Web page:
And because the discovery of the airship is an untimely embarrassment for Xi, he may keep China’s response to the downing limited. In fact, Beijing signaled its desire to prevent the balloon incursion from rupturing ties by issuing a rare expression of “regrets,” although it also claimed the object was a weather balloon that went off course.
In comments Saturday to reporters, Biden said he ordered on Wednesday that the balloon be shot down “as soon as possible.” Ultimately, authorities decided to wait until the object was over water to avoid “doing damage to anyone on the ground,” the president said.
Biden did not answer a question about how the decision would affect U.S. relations with China. Foreign affairs observers, however, predicted that both Beijing and Washington would try to minimize the fallout.
“The Biden administration has already signaled that it will seek to reschedule the Blinken visit when conditions allow,” noted Daniel Russel, a former senior Asia hand in the Obama administration who has close ties to Biden aides. “If this closes the book on the incident, the two sides can get back to work. If, instead, the Chinese elect to play the aggrieved victim or to retaliate, we may find ourselves back climbing the escalation ladder.”
Should the United States recover the remnants of the balloon and prove that it is a spy contraption and not a weather tracker, that could further embarrass Xi and lead him to back down. Biden could use that wreckage “to humiliate China or as a bargaining chip in private discussions,” said Yun Sun, China program director at the Stimson Center.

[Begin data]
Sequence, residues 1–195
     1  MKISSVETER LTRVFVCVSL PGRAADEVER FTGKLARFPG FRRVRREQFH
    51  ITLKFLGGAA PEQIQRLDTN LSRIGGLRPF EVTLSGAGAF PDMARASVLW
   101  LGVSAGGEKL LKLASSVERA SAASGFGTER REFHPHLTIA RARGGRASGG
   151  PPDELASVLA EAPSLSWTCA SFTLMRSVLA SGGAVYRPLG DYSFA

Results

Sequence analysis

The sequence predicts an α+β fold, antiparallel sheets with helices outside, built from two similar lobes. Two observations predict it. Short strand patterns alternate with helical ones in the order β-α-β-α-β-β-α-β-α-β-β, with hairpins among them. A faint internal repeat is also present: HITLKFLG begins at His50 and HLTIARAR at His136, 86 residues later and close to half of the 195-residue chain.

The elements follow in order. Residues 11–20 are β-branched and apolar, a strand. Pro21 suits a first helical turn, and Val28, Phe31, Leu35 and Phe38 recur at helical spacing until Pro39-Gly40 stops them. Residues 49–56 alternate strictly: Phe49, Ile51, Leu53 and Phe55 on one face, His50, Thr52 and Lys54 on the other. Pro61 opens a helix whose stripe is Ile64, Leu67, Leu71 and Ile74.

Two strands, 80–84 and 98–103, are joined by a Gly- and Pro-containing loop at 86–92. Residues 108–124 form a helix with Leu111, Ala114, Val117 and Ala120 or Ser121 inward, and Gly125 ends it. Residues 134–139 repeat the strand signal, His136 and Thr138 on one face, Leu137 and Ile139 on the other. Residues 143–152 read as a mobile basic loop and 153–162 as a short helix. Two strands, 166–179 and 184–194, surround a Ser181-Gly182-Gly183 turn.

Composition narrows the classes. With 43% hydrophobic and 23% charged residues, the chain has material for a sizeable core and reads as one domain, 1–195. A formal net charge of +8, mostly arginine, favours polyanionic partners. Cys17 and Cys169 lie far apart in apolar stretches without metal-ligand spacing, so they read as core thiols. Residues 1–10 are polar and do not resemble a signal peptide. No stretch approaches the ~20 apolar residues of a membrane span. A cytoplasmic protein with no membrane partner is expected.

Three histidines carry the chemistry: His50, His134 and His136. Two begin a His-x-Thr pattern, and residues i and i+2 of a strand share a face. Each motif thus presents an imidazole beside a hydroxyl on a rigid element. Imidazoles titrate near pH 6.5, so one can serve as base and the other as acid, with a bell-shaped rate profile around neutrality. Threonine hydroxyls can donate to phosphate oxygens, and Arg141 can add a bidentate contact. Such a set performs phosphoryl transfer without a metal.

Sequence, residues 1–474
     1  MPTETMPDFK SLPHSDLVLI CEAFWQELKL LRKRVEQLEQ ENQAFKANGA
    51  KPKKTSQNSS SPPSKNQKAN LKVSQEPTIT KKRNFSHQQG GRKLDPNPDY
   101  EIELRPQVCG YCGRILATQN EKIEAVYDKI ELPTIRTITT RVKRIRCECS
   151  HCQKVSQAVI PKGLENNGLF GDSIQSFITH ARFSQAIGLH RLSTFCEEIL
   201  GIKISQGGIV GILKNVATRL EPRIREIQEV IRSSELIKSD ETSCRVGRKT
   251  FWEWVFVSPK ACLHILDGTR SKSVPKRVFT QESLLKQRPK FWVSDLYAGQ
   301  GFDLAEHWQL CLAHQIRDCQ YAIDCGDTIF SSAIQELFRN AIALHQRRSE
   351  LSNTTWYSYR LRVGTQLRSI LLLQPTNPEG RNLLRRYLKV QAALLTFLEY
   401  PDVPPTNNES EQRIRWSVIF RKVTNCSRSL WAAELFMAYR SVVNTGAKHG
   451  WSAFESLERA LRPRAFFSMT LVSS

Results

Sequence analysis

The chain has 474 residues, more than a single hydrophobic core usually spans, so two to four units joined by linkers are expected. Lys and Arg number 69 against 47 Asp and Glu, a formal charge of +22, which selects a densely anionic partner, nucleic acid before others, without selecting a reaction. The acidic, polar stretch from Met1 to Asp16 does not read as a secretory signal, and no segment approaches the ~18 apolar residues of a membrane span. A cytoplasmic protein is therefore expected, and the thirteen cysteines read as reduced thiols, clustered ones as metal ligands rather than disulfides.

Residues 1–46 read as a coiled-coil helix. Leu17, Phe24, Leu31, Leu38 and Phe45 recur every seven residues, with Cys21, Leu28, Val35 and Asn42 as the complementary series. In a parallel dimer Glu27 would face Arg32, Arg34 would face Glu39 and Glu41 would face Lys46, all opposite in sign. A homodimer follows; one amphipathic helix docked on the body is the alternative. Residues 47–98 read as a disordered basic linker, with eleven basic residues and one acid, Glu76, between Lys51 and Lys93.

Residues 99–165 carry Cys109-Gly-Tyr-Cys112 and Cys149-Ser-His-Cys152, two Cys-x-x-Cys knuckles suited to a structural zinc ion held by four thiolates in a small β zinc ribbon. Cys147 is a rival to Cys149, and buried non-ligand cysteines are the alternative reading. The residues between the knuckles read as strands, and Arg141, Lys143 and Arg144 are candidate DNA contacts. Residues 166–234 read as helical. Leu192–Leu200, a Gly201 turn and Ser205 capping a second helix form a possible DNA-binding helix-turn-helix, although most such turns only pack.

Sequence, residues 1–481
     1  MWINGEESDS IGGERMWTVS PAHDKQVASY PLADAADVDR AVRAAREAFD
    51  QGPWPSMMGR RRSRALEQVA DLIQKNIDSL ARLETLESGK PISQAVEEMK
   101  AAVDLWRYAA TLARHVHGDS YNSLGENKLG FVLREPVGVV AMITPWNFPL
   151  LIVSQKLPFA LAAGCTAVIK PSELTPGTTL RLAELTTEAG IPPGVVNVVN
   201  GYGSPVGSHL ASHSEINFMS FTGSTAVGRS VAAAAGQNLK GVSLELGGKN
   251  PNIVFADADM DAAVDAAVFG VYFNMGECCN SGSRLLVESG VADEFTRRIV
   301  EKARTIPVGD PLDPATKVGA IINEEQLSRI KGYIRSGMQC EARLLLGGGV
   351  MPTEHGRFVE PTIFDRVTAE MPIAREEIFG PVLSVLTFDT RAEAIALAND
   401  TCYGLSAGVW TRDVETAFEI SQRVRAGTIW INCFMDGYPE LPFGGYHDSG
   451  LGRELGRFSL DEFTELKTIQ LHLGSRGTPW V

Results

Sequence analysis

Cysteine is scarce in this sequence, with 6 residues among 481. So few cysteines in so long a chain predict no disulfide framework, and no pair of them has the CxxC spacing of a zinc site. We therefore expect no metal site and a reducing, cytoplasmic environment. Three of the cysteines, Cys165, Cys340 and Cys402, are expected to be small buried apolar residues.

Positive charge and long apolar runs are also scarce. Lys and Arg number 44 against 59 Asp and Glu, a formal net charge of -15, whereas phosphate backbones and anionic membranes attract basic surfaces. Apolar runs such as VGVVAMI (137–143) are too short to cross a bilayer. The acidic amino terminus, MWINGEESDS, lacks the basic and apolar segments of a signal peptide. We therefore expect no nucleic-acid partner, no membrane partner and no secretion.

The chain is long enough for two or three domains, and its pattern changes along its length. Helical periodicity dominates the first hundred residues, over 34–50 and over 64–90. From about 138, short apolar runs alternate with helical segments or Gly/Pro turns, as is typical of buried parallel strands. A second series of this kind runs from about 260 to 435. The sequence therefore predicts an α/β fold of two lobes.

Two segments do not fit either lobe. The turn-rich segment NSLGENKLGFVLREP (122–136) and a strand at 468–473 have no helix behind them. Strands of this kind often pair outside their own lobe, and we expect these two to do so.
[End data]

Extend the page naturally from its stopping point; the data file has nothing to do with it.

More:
The Chinese embassy in Washington, D.C., didn’t respond to a request for comment.
The United States and China have a history of recovering from relation-disrupting incidents that initially outraged the other.
On May 7, 1999, for instance, a U.S.-led NATO air campaign bombed China’s embassy in Belgrade, killing three Chinese journalists and wounding 20 other Chinese citizens. Though the United States insisted the bombing was a mistake, to this day it is a source of sore feelings in China, where one state media account in 2021 called it “barbaric.” Still, the incident hasn’t prevented efforts to improve relations.
In 2001, a U.S. spy plane collided with a Chinese fighter jet over the South China Sea and landed in China’s Hainan island. China detained the U.S. plane’s 24-member crew for 11 days, during which the fighter jet pilot was said to have died. After several days of tense negotiations, the two countries brokered a deal hinged on a U.S. expression of regret for the incident.